The troubling concept of racial superiority in our present social fabric stems from flawed biblical and scientific interpretations that create an illusory sense of propriety that justifies white supremacy, slavery, and other manifestations of the sin of racism. In the pursuit of racial superiority, some scientists have sought empirical evidence that proves the white race possesses greater intellectual abilities, aiming to justify the oppression of those deemed inferior. This pursuit served as the foundation for a social structure that supported slavery, criminalized interracial marriage, upheld segregation, instituted mass incarceration of BIPOC populations, and established multiple policies designed to shape the population’s biology and genetic pool. Sadly, even the Bible has been used to support white superiority and racial oppression.

Cone asserts that Christianity “came to the Black man through white oppressors,” who conditioned them to reject their “concern for this world and their Blackness” and to focus on an eschatological hope mediated by whiteness. Consequently, we need a new hermeneutical and theological principle focused on liberation. This theological norm endeavors to align the Black condition with God’s revelation, redress the failure to acknowledge their equality, and struggle against the evil forces perpetuating oppression. Therefore, moving beyond Dr. Martin Luther King Jr. and the Civil Rights Movement’s structure of nonviolence, Black liberation theology highlights Black power as a robust tool for social justice and equality. Why? Because “liberation is not an afterthought, but the very essence of divine activity.”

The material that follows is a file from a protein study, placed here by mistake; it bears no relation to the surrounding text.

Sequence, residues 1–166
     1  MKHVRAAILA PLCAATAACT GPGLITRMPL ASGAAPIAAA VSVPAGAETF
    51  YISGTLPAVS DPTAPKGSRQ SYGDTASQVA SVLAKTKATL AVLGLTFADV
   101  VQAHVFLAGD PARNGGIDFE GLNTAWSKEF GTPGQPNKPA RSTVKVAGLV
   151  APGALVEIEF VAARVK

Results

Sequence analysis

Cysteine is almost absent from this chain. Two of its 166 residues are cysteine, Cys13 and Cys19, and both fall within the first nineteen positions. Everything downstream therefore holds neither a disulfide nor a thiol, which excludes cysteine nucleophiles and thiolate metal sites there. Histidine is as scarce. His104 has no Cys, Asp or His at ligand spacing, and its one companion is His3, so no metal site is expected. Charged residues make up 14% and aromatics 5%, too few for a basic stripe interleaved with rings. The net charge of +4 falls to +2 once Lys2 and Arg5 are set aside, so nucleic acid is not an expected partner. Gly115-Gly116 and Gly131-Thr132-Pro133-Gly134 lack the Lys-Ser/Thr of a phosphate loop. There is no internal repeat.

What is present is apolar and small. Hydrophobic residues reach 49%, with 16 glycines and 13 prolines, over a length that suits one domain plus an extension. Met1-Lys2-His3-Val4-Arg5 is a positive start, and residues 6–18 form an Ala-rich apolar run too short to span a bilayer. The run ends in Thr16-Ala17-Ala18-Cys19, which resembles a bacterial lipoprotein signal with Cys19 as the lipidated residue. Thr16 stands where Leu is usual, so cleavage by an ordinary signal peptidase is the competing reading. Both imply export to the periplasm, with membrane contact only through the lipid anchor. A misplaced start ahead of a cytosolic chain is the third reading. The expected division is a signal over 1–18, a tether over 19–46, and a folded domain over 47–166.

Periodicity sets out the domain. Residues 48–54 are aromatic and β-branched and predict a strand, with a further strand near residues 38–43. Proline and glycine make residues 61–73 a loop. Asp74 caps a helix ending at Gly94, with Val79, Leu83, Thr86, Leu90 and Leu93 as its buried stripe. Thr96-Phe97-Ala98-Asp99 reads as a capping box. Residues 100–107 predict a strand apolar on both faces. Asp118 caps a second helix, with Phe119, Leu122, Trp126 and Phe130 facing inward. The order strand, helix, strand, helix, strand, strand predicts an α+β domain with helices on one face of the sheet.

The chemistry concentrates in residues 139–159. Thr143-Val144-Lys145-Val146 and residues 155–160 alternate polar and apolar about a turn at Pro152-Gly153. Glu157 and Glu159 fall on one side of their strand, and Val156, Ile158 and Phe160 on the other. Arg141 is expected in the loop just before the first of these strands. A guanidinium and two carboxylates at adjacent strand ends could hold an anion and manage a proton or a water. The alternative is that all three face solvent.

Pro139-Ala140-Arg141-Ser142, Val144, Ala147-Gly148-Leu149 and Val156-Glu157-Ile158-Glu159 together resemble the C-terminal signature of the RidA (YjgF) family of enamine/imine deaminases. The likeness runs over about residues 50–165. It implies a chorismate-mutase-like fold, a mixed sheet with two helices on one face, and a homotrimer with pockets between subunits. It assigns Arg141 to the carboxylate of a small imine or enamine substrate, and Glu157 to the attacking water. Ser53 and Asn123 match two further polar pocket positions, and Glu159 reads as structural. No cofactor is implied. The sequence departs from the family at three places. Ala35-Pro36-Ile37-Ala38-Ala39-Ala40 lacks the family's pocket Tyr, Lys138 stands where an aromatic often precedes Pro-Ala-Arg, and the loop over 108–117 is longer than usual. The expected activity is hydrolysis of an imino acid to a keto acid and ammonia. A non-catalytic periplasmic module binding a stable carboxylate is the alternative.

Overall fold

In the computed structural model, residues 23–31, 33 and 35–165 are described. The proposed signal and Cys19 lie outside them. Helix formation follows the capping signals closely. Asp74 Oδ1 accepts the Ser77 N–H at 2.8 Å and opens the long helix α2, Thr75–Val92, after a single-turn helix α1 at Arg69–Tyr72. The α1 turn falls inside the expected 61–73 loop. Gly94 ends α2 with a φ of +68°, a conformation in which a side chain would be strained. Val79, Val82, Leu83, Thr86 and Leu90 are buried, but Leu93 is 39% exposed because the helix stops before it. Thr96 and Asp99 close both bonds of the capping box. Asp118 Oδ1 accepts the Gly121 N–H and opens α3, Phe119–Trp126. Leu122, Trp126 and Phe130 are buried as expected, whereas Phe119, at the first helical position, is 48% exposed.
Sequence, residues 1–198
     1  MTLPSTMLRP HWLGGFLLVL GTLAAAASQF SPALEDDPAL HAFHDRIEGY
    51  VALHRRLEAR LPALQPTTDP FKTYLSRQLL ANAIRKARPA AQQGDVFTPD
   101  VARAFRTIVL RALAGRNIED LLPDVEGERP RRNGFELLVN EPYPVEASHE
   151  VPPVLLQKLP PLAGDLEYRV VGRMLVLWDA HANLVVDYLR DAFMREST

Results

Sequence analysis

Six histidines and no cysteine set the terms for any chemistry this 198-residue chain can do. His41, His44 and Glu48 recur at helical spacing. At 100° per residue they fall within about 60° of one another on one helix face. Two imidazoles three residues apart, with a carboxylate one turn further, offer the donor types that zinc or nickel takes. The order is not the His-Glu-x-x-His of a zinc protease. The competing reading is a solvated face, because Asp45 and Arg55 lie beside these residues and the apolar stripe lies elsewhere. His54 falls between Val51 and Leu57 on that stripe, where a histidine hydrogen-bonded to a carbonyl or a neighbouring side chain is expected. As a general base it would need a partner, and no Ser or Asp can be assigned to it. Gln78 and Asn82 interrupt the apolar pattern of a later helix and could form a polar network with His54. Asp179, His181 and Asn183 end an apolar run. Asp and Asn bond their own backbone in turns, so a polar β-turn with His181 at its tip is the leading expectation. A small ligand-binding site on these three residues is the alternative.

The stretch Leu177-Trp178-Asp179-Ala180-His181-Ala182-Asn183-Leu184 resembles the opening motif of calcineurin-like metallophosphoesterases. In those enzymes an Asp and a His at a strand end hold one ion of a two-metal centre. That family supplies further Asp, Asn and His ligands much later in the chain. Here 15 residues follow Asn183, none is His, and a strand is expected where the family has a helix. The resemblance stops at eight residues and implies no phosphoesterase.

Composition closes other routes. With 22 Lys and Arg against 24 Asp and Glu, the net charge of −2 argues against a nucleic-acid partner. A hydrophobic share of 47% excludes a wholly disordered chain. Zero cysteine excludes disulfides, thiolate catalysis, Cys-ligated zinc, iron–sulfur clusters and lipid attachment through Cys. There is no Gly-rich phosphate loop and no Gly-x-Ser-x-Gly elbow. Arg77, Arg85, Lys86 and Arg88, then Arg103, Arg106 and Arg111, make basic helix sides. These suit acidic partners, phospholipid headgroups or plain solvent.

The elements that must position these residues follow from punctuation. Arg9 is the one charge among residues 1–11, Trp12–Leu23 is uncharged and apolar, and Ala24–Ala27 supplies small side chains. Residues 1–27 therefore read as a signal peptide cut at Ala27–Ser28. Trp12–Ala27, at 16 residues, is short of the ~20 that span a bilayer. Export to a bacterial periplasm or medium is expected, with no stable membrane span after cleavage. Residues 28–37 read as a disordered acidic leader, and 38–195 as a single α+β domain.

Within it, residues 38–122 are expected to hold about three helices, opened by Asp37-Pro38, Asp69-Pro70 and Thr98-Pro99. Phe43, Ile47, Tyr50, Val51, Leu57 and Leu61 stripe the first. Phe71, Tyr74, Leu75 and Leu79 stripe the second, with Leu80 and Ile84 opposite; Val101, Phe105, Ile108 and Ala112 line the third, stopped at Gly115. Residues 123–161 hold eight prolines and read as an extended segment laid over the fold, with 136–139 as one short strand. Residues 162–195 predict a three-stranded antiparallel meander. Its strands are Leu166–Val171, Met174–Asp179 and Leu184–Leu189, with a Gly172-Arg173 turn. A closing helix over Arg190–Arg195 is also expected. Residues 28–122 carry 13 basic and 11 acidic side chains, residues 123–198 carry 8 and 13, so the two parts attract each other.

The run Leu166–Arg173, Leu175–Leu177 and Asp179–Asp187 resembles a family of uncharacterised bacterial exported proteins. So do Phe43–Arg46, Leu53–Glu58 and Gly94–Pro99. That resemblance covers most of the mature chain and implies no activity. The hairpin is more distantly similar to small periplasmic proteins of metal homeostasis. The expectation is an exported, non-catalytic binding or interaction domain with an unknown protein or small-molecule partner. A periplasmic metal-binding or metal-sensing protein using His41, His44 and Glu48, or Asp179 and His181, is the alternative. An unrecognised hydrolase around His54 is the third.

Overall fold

Therefore, amid a world bent on oppressing BIPOC populations, Black liberation theology re-envisions a Christ akin to a revolutionary leader (i.e., a role model for social activism) that flips the tables of social power, legitimizes the Black struggle and proclaims the soteriological arrival of God’s kingdom in terms of social justice (i.e., the complete liberation of the oppressed). So, instead of preserving the prevailing narratives that perpetuate and justify racial injustice—be they scientific, biblical, or otherwise—Cone challenges them to highlight the experiences and voices of the oppressed to address their need for social and spiritual salvation (i.e., liberation).